Iran's Foreign Minister Manushehr Mottaki reiterated a common position on
Thursday, saying that "in order for the Danish government to mend its relations
with the Islamic world and Muslim peoples, it should issue a formal apology."
Danish Prime Minister Anders Fogh Rasmussen has repeatedly rejected demands
for an apology, saying the government cannot be held responsible for the actions
of an independent newspaper. The paper itself has apologized for offending
Muslims, but has stood by its decision to print the drawings, citing freedom of
European Union Trade Commissioner Peter Mandelson has warned governments that
if they are behind the boycotts that they could face action at the World Trade
Organization if the EU proves they are involved. If the boycotts are purely
consumer-driven, however, little can be done.
Denmark's Danske Bank estimates Danish goods worth $1.6 billion annually are
threatened in 20 Muslim countries by the boycott. That compares with worldwide
exports in 2004 of about $73 billion.
But Soltoft cautioned that the damage goes beyond exports, extending to
service contracts, shipping and production facilities in the area — losses that
cannot yet be quantified.
"It's really difficult to give an exact picture of the situation for the time
being," she said in an interview Thursday.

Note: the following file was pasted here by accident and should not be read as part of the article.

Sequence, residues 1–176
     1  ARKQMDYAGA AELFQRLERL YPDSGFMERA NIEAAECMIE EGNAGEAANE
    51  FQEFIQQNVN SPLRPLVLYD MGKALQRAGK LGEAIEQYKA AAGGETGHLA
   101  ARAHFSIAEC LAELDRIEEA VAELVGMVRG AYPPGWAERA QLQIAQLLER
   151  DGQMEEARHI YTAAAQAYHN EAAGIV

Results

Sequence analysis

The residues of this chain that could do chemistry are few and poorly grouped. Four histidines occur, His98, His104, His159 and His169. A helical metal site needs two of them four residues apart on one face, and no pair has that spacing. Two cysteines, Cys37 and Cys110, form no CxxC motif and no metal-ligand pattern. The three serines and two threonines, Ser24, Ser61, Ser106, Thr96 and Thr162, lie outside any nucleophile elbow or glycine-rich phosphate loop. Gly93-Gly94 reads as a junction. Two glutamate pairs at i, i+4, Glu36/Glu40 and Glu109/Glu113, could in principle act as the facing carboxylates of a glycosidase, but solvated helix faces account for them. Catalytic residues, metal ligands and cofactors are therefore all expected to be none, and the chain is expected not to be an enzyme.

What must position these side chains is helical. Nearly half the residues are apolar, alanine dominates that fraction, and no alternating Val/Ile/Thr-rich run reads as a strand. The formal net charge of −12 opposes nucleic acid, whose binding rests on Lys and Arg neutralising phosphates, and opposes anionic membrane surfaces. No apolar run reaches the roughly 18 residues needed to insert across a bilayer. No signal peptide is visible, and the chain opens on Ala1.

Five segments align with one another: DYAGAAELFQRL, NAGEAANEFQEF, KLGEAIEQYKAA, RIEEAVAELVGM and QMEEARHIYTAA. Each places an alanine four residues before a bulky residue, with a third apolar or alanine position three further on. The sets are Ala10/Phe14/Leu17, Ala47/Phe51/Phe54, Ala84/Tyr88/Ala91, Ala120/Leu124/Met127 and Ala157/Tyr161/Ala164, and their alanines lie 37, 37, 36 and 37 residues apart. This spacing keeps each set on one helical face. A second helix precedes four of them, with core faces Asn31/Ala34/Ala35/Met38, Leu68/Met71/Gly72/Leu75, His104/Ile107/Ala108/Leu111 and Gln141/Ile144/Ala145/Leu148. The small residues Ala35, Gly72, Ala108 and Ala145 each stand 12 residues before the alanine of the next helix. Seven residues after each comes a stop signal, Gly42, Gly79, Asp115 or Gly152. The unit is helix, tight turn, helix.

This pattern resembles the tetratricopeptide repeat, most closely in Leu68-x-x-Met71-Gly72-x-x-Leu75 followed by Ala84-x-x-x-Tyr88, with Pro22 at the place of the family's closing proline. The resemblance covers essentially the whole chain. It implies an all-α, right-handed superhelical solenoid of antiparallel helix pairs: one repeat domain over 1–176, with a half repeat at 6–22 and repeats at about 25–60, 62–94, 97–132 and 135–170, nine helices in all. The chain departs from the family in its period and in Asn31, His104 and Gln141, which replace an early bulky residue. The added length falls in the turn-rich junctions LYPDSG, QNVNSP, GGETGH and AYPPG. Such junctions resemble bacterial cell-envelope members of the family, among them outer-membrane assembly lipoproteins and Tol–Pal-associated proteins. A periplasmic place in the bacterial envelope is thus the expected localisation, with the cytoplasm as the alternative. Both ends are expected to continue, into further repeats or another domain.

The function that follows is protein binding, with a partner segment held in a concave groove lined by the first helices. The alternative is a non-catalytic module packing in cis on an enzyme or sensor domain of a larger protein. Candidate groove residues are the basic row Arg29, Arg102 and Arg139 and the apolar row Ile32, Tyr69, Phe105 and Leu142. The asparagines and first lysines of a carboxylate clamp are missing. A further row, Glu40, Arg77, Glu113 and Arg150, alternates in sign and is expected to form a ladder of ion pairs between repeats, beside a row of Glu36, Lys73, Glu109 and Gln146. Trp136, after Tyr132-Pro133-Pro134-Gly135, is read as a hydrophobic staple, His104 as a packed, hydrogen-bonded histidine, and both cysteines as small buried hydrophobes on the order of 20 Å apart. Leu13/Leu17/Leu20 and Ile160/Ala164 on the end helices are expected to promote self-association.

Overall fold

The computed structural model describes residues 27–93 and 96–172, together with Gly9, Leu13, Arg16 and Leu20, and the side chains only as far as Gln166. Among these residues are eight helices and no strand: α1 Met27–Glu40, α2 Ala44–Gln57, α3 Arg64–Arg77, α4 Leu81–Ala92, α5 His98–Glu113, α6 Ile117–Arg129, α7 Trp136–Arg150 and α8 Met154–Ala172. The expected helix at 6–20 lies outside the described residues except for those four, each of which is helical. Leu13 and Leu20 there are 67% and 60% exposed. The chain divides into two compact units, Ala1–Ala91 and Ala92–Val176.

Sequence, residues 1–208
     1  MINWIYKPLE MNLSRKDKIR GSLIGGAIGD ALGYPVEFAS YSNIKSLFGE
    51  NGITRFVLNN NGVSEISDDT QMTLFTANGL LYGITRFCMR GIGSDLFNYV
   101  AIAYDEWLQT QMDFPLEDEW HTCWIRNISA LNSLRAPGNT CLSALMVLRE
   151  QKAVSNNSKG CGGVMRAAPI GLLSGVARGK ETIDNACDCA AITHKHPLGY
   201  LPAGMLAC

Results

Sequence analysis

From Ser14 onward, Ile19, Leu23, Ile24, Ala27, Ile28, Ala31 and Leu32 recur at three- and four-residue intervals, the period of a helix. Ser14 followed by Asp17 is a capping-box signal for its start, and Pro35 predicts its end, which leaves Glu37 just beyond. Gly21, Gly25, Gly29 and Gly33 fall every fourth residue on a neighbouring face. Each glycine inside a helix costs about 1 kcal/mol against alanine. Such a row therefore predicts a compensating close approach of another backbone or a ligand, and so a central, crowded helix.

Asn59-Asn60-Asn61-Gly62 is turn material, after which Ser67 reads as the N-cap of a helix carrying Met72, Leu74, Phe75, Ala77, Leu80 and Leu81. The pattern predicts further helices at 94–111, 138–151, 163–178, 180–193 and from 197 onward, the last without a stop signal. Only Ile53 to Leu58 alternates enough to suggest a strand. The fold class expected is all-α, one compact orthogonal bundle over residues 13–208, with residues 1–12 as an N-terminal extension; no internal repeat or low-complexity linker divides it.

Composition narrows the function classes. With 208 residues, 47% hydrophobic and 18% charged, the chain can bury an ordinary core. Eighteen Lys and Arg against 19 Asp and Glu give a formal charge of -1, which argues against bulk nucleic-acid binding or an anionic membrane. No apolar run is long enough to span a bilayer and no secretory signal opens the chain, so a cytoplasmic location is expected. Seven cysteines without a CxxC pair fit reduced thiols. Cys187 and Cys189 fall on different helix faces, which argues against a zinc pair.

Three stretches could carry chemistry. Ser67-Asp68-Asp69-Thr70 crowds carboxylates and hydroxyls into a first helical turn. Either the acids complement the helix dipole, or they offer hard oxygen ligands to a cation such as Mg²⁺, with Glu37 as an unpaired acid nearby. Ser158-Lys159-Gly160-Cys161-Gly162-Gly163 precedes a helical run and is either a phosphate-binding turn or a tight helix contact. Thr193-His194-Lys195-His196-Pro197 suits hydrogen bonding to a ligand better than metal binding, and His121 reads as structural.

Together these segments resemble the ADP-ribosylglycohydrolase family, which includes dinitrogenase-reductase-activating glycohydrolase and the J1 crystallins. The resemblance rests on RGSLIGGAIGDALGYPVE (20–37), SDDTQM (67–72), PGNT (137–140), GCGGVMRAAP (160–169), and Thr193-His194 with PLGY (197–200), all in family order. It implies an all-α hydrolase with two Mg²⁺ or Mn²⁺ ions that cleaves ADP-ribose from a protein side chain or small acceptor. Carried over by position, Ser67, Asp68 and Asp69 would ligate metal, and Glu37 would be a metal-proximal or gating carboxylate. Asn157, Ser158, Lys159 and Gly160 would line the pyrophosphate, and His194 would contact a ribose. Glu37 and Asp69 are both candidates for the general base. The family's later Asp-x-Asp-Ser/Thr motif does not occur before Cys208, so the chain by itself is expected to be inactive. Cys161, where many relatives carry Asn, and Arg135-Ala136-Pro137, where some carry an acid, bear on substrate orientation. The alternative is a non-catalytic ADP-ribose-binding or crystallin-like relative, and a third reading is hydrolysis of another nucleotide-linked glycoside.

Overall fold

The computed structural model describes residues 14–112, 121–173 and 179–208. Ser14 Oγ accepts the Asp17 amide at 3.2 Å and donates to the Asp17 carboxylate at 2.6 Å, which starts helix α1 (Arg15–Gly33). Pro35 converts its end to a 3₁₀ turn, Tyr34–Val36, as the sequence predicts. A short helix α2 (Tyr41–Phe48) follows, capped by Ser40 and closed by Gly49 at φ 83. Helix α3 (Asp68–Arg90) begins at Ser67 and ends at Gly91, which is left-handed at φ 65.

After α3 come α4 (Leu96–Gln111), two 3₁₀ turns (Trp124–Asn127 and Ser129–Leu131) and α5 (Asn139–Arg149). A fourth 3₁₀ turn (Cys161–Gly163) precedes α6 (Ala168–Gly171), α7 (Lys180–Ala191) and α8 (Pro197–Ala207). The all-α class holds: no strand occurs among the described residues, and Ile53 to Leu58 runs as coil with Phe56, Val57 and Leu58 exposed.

Arla Foods, one of Europe's largest dairy companies, is thought to be the
worst hit, losing an estimated $1.6 million each day.
Others have been affected to a lesser extent, like Lego, which said Middle
Eastern sales only account for 0.2 percent of its sales and that many do not
identify it as a Danish company.
"We have never marketed ourselves as a Danish product, we see ourselves as an
international brand," said spokeswoman Charlotte Simonsen. "You can ask
Americans who think it is American, ask Germans who think it's German — many
people don't know that it's Danish."
The boycott has also spawned a grass-roots Internet campaign by people around
the world urging others to "Buy Danish," generally in support of freedom of
"The Danish government has nothing to do with it and has been very correct
that they have nothing to say about what newspapers publish, and we should not
let these religious fanatics try to make them," said Tijl Vercaemer, an
engineering student in Ghent, Belgium. He started his supportdenmark.com Web
site after watching Palestinian gunmen briefly take over an EU office in Gaza on
Jan. 30 in anger over the drawings.
Vercaemer said he has received thousands of e-mails in response to his site —
one of many that have sprouted up in support of Denmark — including from Muslims
expressing their solidarity.
On Wednesday he started selling stickers, at about $1 for 15 to cover his
costs, with the slogan "Help the Danes defend our freedom: SUPPORT DENMARK" and
said he has already shipped more than 700.
"It's hard to say whether the 'Buy Danish' campaign really works, it was more
intended as moral support," the 23-year-old said. "But I was very happy to read
... that some companies say that they really thought the 'Buy Danish' campaign
could give them more income than the boycott could cost them."